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The End of Two Wars

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Black and white image of streets with people, 1940s cars and American Flags hanging.
Photograph depicting celebrations on Wall Street with confetti, American flags, and crowds of people when Germany surrendered in 1918, ending World War I. Similar scenes took place in 1945 on V-E Day. Photograph by W.L. Drummond (

May 8, 1945: The Allies accept Germany’s unconditional surrender, thus marking the end of the war in Europe. Despite the fact that the war is not yet over, the world celebrates; there is dancing in the streets of cities from London to Los Angeles. The date becomes known as V-E Day, or “Victory in Europe Day.” Even larger celebrations occur a little over three months later, when the Japanese surrender in mid-August and the war ends completely.

Fast forward almost exactly thirty years, to April 30, 1975: North Vietnamese forces capture Saigon, the capitol of South Vietnam. American military forces struggle to evacuate all remaining military and civilian personnel, along with South Vietnamese civilians who had aided the American forces and whose lives would be at risk with the arrival of the enemy. The city falls to the North Vietnamese, marking the end of the Vietnam War. Unlike V-E Day, there are no newspaper headlines declaring victory, let alone global jubilation.

Given the stark differences between these two momentous events, and the conflicts that they concluded, it’s a bit eerie how proximate they are on the calendar. But, these ends of two wars are more than just dates in April and May, thirty years apart. They involved real people, some of whom have shared their stories with the Veterans History Project (VHP). Their accounts add depth not only to the anniversaries, but also to the overall picture of World War II and the Vietnam War.

V-E Day was a time of celebration not only for American troops, but also for civilians in Europe, who had endured years of occupation and violence. Military servicemen and women stationed in France and England got to witness residents’ responses up close. Captain Charles Marlatt, a radarman stationed in Norwich, England, was an amateur photographer who enjoyed shooting home movies with his 8mm camera. A chance visit to Paris on May 8, 1945, enabled him to shoot footage of the city’s celebrations on V-E Day (the specific footage starts at the beginning of the third segment). First Lieutenant Isabelle V. Cedar Cook was an Army nurse who served in hospitals in Italy, North Africa, and France. On V-E Day, she was in Aix-en-Provence in Southern France, where she participated in the town’s parade–and witnessed their treatment of Nazi collaborators. Stationed in Liverpool, England, Navy Commander Ed Godwin describes the almost frantic nature of the civilians’ jubilation and appreciation of the American forces.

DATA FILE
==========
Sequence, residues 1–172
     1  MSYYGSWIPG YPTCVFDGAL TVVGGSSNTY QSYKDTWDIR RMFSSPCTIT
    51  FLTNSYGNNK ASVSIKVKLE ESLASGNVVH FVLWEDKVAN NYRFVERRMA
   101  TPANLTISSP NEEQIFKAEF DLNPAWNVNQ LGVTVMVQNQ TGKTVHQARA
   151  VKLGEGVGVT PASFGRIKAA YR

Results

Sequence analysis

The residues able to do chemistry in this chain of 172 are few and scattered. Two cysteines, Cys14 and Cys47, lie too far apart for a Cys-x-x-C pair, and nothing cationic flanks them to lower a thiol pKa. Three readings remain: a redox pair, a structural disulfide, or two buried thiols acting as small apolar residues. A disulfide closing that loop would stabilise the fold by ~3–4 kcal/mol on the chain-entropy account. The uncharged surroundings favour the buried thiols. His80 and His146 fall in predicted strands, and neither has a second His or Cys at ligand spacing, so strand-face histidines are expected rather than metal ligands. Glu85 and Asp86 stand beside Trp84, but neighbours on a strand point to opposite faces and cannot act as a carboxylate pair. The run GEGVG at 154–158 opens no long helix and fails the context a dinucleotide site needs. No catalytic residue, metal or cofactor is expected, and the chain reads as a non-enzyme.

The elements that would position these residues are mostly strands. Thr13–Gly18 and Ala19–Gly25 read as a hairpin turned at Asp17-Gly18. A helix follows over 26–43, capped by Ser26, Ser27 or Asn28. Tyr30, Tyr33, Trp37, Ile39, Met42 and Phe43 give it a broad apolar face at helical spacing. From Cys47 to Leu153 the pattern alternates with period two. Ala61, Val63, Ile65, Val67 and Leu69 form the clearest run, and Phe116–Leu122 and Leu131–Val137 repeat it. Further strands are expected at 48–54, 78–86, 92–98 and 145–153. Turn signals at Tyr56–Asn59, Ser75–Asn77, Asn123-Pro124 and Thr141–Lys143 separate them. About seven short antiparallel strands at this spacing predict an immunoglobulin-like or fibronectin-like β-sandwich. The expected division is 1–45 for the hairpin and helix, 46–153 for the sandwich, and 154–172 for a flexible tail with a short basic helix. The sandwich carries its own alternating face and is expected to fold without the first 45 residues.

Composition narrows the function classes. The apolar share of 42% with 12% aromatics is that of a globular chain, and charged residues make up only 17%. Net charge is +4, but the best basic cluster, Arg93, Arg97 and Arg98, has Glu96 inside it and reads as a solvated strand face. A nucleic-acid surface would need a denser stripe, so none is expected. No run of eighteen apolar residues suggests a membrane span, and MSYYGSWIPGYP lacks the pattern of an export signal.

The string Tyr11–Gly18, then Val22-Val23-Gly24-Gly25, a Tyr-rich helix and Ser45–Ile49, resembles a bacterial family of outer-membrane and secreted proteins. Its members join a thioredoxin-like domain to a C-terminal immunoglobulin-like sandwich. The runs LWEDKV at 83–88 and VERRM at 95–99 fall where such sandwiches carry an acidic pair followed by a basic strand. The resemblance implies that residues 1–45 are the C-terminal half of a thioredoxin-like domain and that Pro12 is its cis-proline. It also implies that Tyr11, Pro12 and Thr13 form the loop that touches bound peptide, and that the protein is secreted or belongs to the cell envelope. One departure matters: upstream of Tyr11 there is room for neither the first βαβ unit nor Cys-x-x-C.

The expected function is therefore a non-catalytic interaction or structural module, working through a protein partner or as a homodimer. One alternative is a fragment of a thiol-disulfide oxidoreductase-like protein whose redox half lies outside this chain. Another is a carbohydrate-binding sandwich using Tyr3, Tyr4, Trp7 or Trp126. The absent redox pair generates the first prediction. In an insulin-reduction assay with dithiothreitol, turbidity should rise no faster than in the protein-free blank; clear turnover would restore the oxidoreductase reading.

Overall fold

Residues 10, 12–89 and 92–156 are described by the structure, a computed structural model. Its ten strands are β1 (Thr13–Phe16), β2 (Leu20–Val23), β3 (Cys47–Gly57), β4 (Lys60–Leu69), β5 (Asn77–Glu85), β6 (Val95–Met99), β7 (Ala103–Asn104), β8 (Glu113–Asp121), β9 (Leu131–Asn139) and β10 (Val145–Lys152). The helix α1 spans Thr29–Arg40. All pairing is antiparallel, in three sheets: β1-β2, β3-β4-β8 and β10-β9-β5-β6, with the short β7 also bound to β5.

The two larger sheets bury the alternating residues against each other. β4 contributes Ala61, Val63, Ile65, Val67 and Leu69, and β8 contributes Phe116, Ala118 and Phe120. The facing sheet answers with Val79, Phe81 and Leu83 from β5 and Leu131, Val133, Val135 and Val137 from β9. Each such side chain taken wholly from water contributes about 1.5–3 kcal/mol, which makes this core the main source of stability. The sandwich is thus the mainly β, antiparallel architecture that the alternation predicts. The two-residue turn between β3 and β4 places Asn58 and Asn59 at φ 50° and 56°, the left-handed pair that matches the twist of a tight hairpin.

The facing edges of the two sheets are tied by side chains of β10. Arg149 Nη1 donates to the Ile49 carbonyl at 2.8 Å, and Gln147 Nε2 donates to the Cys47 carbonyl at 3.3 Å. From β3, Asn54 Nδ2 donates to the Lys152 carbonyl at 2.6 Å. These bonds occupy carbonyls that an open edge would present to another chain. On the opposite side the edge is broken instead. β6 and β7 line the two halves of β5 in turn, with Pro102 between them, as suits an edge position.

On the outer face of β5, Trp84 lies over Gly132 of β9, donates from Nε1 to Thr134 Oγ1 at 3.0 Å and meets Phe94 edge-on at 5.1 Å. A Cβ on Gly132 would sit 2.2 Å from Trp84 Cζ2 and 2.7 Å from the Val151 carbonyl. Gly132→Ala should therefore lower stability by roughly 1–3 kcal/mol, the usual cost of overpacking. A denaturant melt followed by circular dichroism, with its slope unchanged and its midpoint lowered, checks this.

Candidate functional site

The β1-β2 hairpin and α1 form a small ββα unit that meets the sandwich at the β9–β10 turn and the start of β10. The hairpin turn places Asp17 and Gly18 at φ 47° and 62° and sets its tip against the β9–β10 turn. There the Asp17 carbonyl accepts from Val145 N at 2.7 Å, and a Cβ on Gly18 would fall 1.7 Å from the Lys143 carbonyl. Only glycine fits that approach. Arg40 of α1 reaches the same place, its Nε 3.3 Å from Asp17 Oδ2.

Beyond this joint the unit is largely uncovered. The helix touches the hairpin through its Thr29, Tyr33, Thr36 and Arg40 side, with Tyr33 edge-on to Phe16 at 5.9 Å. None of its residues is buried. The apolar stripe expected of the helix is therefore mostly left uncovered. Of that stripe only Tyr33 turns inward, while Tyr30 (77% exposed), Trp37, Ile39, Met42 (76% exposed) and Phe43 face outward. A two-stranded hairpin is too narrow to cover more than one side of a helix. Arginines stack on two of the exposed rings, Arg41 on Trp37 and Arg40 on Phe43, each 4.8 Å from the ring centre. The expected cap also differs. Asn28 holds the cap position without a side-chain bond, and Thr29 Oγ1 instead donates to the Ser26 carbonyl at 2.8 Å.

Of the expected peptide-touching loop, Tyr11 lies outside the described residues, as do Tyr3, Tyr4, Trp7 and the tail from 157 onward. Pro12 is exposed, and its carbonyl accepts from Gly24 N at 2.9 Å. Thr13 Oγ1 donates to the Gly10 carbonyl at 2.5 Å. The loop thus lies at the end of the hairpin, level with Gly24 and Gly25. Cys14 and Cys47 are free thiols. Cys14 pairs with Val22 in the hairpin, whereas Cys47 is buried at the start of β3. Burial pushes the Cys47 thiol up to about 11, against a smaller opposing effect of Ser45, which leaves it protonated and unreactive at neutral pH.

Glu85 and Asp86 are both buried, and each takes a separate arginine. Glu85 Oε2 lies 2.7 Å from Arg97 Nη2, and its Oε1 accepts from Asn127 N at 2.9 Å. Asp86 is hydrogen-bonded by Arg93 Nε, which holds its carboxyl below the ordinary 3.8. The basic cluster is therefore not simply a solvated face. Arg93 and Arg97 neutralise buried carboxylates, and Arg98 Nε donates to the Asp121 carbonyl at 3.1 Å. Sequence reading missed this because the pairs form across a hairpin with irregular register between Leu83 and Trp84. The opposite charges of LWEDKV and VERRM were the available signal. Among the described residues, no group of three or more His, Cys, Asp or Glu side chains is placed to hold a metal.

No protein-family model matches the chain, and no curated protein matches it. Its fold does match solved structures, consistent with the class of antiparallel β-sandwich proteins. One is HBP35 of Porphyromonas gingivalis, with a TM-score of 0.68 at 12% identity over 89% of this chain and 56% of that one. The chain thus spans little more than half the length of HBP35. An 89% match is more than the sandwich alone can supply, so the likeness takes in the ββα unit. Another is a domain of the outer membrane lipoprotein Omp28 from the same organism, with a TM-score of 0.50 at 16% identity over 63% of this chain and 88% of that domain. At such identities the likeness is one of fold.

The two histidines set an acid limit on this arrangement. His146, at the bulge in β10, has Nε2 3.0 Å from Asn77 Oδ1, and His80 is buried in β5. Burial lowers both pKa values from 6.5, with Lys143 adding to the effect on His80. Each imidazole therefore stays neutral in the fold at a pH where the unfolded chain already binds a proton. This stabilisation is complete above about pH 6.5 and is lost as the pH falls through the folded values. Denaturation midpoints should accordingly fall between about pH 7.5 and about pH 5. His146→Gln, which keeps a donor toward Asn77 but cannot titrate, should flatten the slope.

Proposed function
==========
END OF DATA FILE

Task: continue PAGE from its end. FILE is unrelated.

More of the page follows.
Color photo of huey helicopter flying with clouds.
Photograph of a Huey helicopter, many of which were used in Operation Frequent Wind, Vietnam. John R. Goosman Collection (Veterans History Project, AFC2001/001/53420).

As depicted in Last Days in Vietnam, a 2014 documentary by director Rory Kennedy, the fall of Saigon involved a frenzied race to evacuate South Vietnamese military personnel and civilians along with Americans. The final phase of this evacuation was known as Operation Frequent Wind, in which helicopters were used to transport as many people as possible out of Saigon. The USS Kirk was one of a large assemblage of American ships that received Huey helicopters full of South Vietnamese refugees. Stationed aboard the Kirk, Senior Petty Officer Glenn Craig Bingham recounts the arrival of these helicopters; to make room for incoming pilots to land, they would push the Hueys off the side of the deck after they landed (Bingham’s account of Operation Frequent Wind begins at around 1:39:00).

These collections help expand the meaning of the end of these two wars beyond simply dates on the calendar. In addition to individual collections, VHP offers other related resources, including an online exhibit on V-E Day and a webcast of our 2005 symposium “In Country: The Vietnam War, 30 Years After.” Do you have memories of the end of World War II, or the end of the Vietnam War? Share them in the comments below–or if you’re a military veteran, consider recording your story for the Veterans History Project. Find out more at

Comments (4)

  1. Why is it that we rarely see any articles of
    coverage concerning the Korean War?

    Appears to be a forgotten conflagration!

    • Thanks so much for this spot-on and important comment, Mr. Cohn. Indeed, the Korean War has long been referred to as the “Forgotten War”–so much so that we referenced this idea in the title of a previous online exhibit on the Korean War. I’m glad to get this feedback, and we will certainly keep it in mind in considering topics for future blog posts. Incidentally, a Korean War collection that recently caught my eye, and that you might find interesting, is that of Robert L. Barber. The letters that Mr. Barber sent to his mother from Korea are heart-wrenching. Thank you again for your comment.

  2. Thank you a timely reminder!
    Gently note: the description with the first photograph is incorrect – that image is not from WWII, but from WWI (the link info for the photograph is correct!).

    • Hi Michelle, thanks SO much for your helpful reminder. Boy, is my face red! I believe I only had eyes for WWII in composing this post (which bolsters the point the previous commenter made). The mistake actually gives a sense of history repeating itself, illustrating how the 20th century saw not just one but two surrenders by Germany! On the bright side, I’m glad to know we have such eagle-eyed readers. I’ll add more information to the caption now. Thank you again.

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